• JZ says:

      Save yourself FIRST before saving the nation. Agree 100%. But this does NOT justify all the choices one make under the name of saving him/herself. There are things one should NOT do in PRINCIPLE, such as one does NOT hurt other people or take their properties by force or violence. If this principle is violated, the things people do under the name to save themselves will corrupt and erode the society to the point of there no future for future generation but revolution, death and chaos. To save themselves, people naturally want to transfer other people’s wealth into their hands, and they know individuals can NOT use violence force to do it. So here comes in the .GOV. The organization of wealth transfer by TAX, policy, money printing, enforced by police, military and the best part, it can be voted! So we can VOTE to save ourselves! Yeh! Mean time, people forget about .GOV can be bought as well, by a few people called .00001%. In the end, if the nation’s principle and morale is corrupted, the voters will NOT get what they want, they get what they deserve. To save yourselves, vote for principle, NOT wealth transfer.

      • implicit says:

        Thanks for the discussion JZ.
        It’s probably too late for those commendable moral principles to be in play. They need to be in place with a work ethic when one is being bought up. What people think as survival and /or entitlement are blurred. This isn’t a ethical or moral thought out judgement, it is a survival flight or flight instinct for people.
        Many have made bets on this categorical imperative as the primary force that causes the collapse of the system- the 2020 elections. Talk about volataility
        Is it morally wrong to try and profit from it? Or is it just negative bear thinking that helps an inevitable collapse move along?

        • Bobber says:

          I’d argue there are two moral evils we need to fight. One is people trying to get things without work. We know there is a lot of that. The other is people attempting to accumulate vast amounts of wealth, often through corrupt practices and favoratism, in excess of what Michael Jackson could spend in a lifetime. We all know there is even more of that going on. That’s why interest rates are nothing these days.

      • Bobber says:

        Wealth transfer IS an economic principle. Wealth concentration is a demand killer.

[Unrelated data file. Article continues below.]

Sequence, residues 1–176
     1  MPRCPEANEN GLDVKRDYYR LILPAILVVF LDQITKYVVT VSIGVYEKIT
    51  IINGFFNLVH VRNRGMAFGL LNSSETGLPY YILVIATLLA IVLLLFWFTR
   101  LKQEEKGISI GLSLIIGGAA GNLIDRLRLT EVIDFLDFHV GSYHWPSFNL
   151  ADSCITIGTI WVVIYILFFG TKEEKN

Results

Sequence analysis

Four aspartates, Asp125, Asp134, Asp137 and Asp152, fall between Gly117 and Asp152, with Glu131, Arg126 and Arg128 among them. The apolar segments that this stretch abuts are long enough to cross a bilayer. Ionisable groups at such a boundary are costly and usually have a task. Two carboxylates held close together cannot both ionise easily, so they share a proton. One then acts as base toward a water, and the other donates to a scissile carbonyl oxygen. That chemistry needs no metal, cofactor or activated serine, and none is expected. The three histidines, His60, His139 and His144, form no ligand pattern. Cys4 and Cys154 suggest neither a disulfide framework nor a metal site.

Wealth transfer shouldn’t be viewed as some money grab. In reality, it’s a way to keep demand flowing and the economy running smoothly.

        That said, only extreme wealth should be redistributed so there is always a strong capitalist growth incentive.

        I think Warren’s idea to tax accumulations of wealth above a high threshold, at a reasonable rate, is actually a strong idea. An alternative is to enforce a strong estate tax. I always like the idea of a “death tax”. Is there a better time to pay tax than when you are dead?

        • MarkinSF says:

          Funny how wealth transference is viewed as some kind of sin against the laws of a free market God and marketed as a scheme to give money from the makers to the takers. Yet wealth transference in the US is an ongoing process that has been redistributing the workers share of production to the folks sitting on there a$$e$ and accumulating great wealth from the actual efforts of the middle class and the working poor. It even makes life more stressful for the upper rungs of the middle class (the professional class). How is this accomplished? How about a 15% capital gains tax, a tax structure that ensures companies like Amazon pay zero tax, a tax table that increasingly lowers the maximum tax rate on the wealthy, that taxes Social Security, etc,etc. Time for a tax revolution. Where is FDR when you need him?

        • Javert Chip says:


          You appear to think Social Security is excluded from Federal income tax.

          85% of Social Security payments are included in every recipient’s Federal taxable income (individual states may handle differently). Federal income taxes are calculated using the same graduated tax tables as all tax-paying citizens.

          The untaxed 15% represents some highly inaccurate bureaucratic estimate of what the recipient actually paid into Social Security during their roughly 40 years of working life (additionally, employers “contribute” an additional and slightly higher amount for each employee).

          Further, during an employee’s roughly 40-year working life, Federal income tax is collected on the amount they pay into Social Security every working year.